Thursday, April 9, 2015

I'm on Top of the World

You've been waiting for this for awhile now.* The tale of harrowing adventure, bravery in the face of terrifying odds, courage against the most dire of nature's foes...or at least, a story of Alanna being miserably cold, sick, and tired. 

This is Everest Base Camp day.

I began the day, as one does, by crying. Then I stopped because my tears froze my eyelashes together. Why did I weep? Because as soon as I stepped out of the door in Lobuche, I failed to find solid purchase with the ground, which was iced over from the snowstorm the night before. We had 3 hours to go (well, it was supposed to be 2, but it became 3) up and down icy hills, and I was miserable. My boots were made for walking on dirt and stone, not Elsa's playground. By the time we made it to Gorakshep (the last "village" before EBC), I was ready for a long nap, but instead I got an hour-long lunch break and a metaphorical slap on the rear end to keep going. 

When we left the lodge on our way to Base Camp, the trouble began. Some of you have heard of AMS, or Acute Mountain Sickness, which is better known as altitude sickness. It is a rather mysterious illness that can start affecting the human body once it crosses 8,000 feet. Gorakshep's elevation is about 16,950 feet, and EBC is a little under 17,600--both are over twice the threshold for altitude sickness. The first sign of AMS is almost always a headache.

And boy, did I have a headache. While the ice had melted with the noonday sun, the roughly two and a half hours it took to get to Base Camp were pretty tough. The trail wasn't easy: there was more rock-scrambling and bouldering than we had done before, and the last few parts took us over glacial ice covered in a light camouflage of gravel, and through areas of active rock slides. (By the way, avalanches? Terrifying to hear, even from far away.)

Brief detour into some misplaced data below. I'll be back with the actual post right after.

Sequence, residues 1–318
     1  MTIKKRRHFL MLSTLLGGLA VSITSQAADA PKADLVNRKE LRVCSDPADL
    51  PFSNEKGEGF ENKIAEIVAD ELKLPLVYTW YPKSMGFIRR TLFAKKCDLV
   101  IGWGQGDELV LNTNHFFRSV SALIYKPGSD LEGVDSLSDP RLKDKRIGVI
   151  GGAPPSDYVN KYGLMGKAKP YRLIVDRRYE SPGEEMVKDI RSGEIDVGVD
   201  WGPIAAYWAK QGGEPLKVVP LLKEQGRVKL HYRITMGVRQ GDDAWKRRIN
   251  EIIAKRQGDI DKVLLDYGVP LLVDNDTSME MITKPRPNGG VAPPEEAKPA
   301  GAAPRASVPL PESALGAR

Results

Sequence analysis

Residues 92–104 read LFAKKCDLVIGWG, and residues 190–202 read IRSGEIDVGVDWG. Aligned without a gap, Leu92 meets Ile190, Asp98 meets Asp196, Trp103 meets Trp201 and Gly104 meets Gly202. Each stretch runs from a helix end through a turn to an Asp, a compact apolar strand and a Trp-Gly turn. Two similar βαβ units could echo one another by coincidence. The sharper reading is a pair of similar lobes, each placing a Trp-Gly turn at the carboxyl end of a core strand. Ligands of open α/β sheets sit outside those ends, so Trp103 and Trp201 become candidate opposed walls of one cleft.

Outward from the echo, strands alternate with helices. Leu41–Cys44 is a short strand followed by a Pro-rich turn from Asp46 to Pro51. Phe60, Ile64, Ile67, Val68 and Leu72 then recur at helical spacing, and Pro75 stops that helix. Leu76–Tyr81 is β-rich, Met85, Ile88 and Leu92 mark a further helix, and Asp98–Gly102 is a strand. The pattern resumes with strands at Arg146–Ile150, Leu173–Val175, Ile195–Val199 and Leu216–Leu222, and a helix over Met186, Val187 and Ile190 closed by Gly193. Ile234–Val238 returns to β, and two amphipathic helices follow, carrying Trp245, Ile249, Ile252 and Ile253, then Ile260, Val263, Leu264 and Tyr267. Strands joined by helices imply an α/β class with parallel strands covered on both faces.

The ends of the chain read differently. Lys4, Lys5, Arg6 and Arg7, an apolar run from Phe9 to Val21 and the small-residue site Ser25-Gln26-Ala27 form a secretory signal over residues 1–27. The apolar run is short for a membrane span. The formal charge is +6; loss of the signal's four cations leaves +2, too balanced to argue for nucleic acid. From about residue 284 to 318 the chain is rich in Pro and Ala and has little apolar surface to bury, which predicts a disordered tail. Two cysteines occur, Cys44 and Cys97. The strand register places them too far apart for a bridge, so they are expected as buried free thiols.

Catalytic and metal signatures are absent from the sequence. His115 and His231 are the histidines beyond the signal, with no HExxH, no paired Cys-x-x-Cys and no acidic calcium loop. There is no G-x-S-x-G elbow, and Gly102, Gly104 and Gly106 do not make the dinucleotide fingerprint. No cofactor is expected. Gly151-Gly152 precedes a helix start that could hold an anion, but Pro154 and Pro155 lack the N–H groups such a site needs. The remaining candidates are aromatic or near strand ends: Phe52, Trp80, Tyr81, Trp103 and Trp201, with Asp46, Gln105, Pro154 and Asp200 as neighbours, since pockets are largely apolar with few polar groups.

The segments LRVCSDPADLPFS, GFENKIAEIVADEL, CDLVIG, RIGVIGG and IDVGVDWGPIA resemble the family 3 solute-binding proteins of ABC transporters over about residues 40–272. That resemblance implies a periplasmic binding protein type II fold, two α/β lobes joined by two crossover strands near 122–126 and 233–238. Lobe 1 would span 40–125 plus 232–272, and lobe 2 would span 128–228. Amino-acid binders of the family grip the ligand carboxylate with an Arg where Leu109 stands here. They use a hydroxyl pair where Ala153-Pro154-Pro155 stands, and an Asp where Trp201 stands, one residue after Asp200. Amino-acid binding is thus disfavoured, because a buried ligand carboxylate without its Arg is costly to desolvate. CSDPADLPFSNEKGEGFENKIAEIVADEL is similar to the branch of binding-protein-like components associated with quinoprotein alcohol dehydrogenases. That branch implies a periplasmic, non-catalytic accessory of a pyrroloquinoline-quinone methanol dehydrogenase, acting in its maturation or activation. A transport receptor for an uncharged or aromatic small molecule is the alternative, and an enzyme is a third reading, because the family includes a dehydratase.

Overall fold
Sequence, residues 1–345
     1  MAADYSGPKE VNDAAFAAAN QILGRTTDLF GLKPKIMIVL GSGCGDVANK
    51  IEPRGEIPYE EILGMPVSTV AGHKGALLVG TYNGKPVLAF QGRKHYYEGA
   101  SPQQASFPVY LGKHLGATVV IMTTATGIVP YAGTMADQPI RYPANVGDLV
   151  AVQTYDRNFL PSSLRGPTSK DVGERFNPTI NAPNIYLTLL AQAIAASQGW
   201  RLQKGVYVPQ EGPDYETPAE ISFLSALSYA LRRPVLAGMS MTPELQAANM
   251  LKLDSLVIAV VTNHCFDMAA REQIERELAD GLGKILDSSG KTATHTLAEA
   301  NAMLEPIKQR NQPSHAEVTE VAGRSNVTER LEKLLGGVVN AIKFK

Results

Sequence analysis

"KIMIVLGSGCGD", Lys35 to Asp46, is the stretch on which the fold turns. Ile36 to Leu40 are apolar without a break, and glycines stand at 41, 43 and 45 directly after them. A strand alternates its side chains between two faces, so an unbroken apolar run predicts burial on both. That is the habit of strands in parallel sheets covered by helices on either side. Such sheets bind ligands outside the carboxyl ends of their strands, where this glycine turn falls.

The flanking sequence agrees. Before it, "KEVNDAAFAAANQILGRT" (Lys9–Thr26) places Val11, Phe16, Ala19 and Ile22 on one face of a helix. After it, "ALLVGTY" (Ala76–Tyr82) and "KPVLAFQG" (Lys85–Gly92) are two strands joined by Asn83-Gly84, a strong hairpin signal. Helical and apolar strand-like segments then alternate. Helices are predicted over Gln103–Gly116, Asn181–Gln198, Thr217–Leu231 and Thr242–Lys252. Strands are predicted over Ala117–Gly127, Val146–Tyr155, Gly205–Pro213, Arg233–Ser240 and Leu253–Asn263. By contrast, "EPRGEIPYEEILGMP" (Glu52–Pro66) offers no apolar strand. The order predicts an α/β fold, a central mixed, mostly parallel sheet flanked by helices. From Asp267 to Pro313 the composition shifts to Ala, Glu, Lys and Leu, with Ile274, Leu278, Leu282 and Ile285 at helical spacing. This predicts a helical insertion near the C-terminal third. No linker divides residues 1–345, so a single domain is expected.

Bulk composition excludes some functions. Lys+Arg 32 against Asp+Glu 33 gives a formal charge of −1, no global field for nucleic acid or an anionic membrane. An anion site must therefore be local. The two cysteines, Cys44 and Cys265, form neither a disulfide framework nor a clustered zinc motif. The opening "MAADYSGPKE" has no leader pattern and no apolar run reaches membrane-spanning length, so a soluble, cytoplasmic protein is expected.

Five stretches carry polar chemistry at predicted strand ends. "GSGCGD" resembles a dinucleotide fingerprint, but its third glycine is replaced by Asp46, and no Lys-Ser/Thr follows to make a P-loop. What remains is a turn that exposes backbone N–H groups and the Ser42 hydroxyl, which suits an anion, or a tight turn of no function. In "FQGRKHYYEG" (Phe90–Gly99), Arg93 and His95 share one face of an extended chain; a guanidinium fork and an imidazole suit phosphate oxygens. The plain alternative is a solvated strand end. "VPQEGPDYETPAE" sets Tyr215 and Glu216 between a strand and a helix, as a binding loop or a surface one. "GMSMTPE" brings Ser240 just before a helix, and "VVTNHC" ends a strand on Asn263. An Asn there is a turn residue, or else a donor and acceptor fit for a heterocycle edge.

We made it. I'd like to say that it was a relief, but I knew we had three more days of trekking back down ahead of us. This isn't to say that I wasn't super freaking excited. I mean, we reached our goal without dying or breaking legs or stuff. Now, Everest Base Camp is located on the Khumbu Glacier, right at the edge of the Khumbu Ice Fall (the deadly first part of the ascent for folks climbing Everest itself). The valley is filled with boulders, great chunks of blue ice, and alien green glacial pools. It is a desolate place of otherworldly beauty. I stopped at the outer edges of the camp where hundreds of other trekkers have strung up prayer flags in thanks for safe journeys. I added my own strand to the collection. A little further on, I could see the orange and yellow tents of the teams preparing for their two-month stay in the shadow of the world's tallest mountain. After some awesome photos, we turned back.

A porter carrying plastic chairs to the camp (the yellow blotches on the left).
The official sign, I think.
Jeff and Alanna, fearless explorers. You can see the terrifying Khumbu Icefall, where 16 Sherpas died in an avalanche last April.
It took literally all of my energy to lift my arms that high.
Nothing but rock and snow and sky.
The Yeti!
Good thing we did. The return journey was littered with stops as I tried to keep myself from vomiting over the cliff side. There were plenty of other hikers who were not so lucky in their gastric control. Jeff and our guide Rishi were uber-close to sending me back down to Kathmandu in a helicopter, which I resisted. Over the course of the next three days, there were times that I would wish that I had listened, but as I sit here comfortably and healthily in America, I'm glad I finished the trek with my own two feet.

*Anyone get the song reference? Anyone?

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